of drawing men, but there must be something more than
this. Let me ask to whom did Christ address these words?
Why, to the people of Capernaum, where He had often
preached, where He had uttered mournfully and plaintively
the woes of the law and the invitations of the gospel. In that
city He had done many mighty works and worked many
miracles. In fact, such teaching and such miraculous attestation
had He given to them, that He declared that Tyre and
Sidon would have repented long ago in sackcloth and ashes, if
they had been blessed with such privileges. Now, if the preaching
of Christ Himself did not avail to the enabling these men
to come to Christ, it cannot be possible that all that was
intended by the drawing of the Father was simply preaching.
No, brethren, you must note again, He does not say no man
can come except the minister draw him, but except the Father
Now there is such a thing as being drawn by the gospel, and
drawn by the minister, without being drawn by God. Clearly,
it is a divine drawing that is meant, a drawing by the Most
High God-the First Person of the most glorious Trinity
sending out the Third Person, the Holy Spirit, to induce men
to come to Christ. Another person turns round and says with
a sneer, 'Then do you think that Christ drags men to Himself.
seeing that they are unwilling?' I remember meeting once with
a man who said to me, 'Sir, you preach that O1rist takes
people by the hair of their heads, and drags them to Himself'.
I asked him whether he could refer to the date of the sermon
wherein I preached that extraordinary doctrine, for if he could,
I should be very obliged. However, he could not. But said I,
while Christ does not drag people to Himself by the hair of
their heads, I believe that He draws them by the heart quite
as powerfully as your caricature would suggest. Mark that in
the Father's drawing there is no compulsion whatever; Christ
The Gospel Magazine 567
never compelled any man to come to Him against his will. If
a man be unwilling to be saved, Christ does not save him
against his will. How, then, does the Holy Spirit draw him?
Why, by making him willing. It is true He does not use 'moral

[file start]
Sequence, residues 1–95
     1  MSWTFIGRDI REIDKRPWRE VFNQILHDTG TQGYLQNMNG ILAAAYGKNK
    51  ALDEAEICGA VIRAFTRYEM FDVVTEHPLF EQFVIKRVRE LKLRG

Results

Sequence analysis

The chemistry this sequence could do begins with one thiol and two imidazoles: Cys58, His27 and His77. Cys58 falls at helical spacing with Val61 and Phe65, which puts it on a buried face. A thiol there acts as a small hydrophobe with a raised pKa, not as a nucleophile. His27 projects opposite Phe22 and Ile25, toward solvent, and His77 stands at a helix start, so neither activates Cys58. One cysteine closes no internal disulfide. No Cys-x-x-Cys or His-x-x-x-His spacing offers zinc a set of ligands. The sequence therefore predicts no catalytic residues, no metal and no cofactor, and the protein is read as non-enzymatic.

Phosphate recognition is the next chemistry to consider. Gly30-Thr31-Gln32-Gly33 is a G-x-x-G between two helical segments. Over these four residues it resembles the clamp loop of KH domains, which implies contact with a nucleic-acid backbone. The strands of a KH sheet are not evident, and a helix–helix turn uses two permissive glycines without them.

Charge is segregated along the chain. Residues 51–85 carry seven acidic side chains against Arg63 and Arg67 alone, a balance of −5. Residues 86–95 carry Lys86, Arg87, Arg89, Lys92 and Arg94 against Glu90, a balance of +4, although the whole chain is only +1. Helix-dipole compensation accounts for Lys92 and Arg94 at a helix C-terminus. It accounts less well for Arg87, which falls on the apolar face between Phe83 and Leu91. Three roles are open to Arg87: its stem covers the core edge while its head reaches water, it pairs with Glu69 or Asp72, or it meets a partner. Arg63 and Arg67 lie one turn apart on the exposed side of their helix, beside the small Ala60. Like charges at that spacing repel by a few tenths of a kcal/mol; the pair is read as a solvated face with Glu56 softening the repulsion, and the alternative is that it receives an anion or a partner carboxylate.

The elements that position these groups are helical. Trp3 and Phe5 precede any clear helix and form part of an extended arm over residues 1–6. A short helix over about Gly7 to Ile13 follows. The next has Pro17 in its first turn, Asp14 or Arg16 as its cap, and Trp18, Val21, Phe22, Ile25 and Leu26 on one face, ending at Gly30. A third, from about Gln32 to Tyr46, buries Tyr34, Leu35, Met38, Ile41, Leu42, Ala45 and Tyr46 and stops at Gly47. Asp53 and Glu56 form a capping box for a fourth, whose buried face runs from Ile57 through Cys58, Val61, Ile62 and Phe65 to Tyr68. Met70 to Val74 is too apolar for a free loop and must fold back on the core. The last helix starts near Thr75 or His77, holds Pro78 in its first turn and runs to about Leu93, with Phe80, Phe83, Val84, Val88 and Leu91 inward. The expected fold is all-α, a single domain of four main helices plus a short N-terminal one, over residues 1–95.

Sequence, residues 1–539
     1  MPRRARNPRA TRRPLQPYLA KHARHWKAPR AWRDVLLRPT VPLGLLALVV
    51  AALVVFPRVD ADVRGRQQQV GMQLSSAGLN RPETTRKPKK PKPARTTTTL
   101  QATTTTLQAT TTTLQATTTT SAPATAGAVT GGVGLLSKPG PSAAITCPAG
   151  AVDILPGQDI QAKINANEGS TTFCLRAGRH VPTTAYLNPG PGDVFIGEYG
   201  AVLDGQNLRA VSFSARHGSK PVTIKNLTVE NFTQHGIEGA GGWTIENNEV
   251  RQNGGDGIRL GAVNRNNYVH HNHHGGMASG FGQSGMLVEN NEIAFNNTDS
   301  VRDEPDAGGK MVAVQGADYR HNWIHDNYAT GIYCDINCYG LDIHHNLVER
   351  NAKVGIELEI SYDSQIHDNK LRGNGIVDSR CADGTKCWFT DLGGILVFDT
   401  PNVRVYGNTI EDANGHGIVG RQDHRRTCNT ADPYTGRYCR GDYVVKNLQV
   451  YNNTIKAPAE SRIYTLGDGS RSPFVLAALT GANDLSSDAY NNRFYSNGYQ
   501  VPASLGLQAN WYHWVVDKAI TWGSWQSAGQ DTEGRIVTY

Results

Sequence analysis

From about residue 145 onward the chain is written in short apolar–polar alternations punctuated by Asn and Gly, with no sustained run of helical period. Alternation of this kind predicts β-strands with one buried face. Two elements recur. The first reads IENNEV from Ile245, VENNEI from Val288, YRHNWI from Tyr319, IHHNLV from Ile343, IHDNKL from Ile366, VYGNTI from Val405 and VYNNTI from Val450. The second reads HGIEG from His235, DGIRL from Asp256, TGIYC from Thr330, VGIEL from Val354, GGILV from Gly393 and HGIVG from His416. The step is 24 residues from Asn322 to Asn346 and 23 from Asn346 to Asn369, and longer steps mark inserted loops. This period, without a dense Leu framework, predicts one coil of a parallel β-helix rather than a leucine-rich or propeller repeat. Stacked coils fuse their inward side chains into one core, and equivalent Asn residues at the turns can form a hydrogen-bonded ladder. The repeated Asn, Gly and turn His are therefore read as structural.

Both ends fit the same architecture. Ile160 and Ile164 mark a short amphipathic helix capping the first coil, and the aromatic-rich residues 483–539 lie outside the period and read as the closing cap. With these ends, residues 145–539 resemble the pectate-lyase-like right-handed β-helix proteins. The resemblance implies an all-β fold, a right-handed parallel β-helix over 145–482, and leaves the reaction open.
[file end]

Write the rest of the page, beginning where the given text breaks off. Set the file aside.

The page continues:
suasion'; He knows a nearer method of reaching the heart. He
goes to the secret fountain of the heart, and He knows how, by
some mysterious operation, to turn the will in an opposite
direction, so that, as Ralph Erskine paradoxically puts it, the
man is saved 'with full consent against his will'; that is, against
his old will he is saved. But he is saved with full consent, for
he is made willing in the day of God's power. Do not imagine
that any man will go to heaven kicking and struggling all the
way against the hand that draws him. Do not conceive that
any man will be plunged in the bath of a Saviour's blood while
he is striving to run away from the Saviour. Oh, no. It is quite
true that first of all man is unwilling to be saved. When the
Holy Spirit hath put his influence into the heart, the text is
fulfilled-'draw me and I will run after thee'. We follow on
while He draws us, glad to obey the voice which once we had
despised. But the gist of the matter lies in the turning of the
will. How that is done no flesh knoweth; it is one of those
mysteries that is clearly perceived as a fact, but the cause of
which no tongue can tell, and no heart can guess.
The apparent way, however, in which the Holy Spirit
operates, we can tell. The first thing the Holy Spirit does when
He comes into a man's heart is this: He finds him with a very
good opinion of himself; and there is nothing which prevents a
man coming to Christ like a good opinion of himself. Why,
says man, 'I don't want to come to Christ. I have as good a
righteousness as anybody can desire. I feel 1 can walk into
heaven on my own rights'. The Holy Spirit lays bare his heart,
lets him see the loathsome cancer that is there eating away his
life, uncovers to him all the blackness and defilement of that
sink of hell, the human heart, and then the man stands aghast.
'I never thought 1 was like this. Oh! those sins 1 thought were
little, have swelled out to an immense stature. What 1 thought
was a molehill has grown into a mountain; it was but the
hyssop on the wall before, but now it has become a cedar of
Lebanon. 'Oh,' saith the man within himself, 'I will try and
reform; 1 will do good deeds enough to wash these black deeds
out.' Then comes the Holy Spirit and shows him that he
cannot do this, takes away all his fancied power and strength,
so that the man falls down on his knees in agony and cries,
'Oh! once 1 thought 1 could save myself by my good works,
but now 1 find that
568 The Gospel Magazine
Could my tears forever flow,
Could my zeal no respite know,
All for sin could not atone,
Thou must save and Thou alone.'
Then the heart sinks, and the man is ready to despair. And
saith he, 'I can never be saved. Nothing can save me'.
Then comes the Holy Spirit, and shows the sinner the cross
of Christ, gives him eyes anointed with heavenly eye-salve, and
says, 'Look to yonder cross, that Man died to save sinners; you
feel that you are a sinner; He died to save you'. And He
enables the heart to believe, and to come to Christ. And when
it comes to Christ, by this sweet drawing of the Spirit, it finds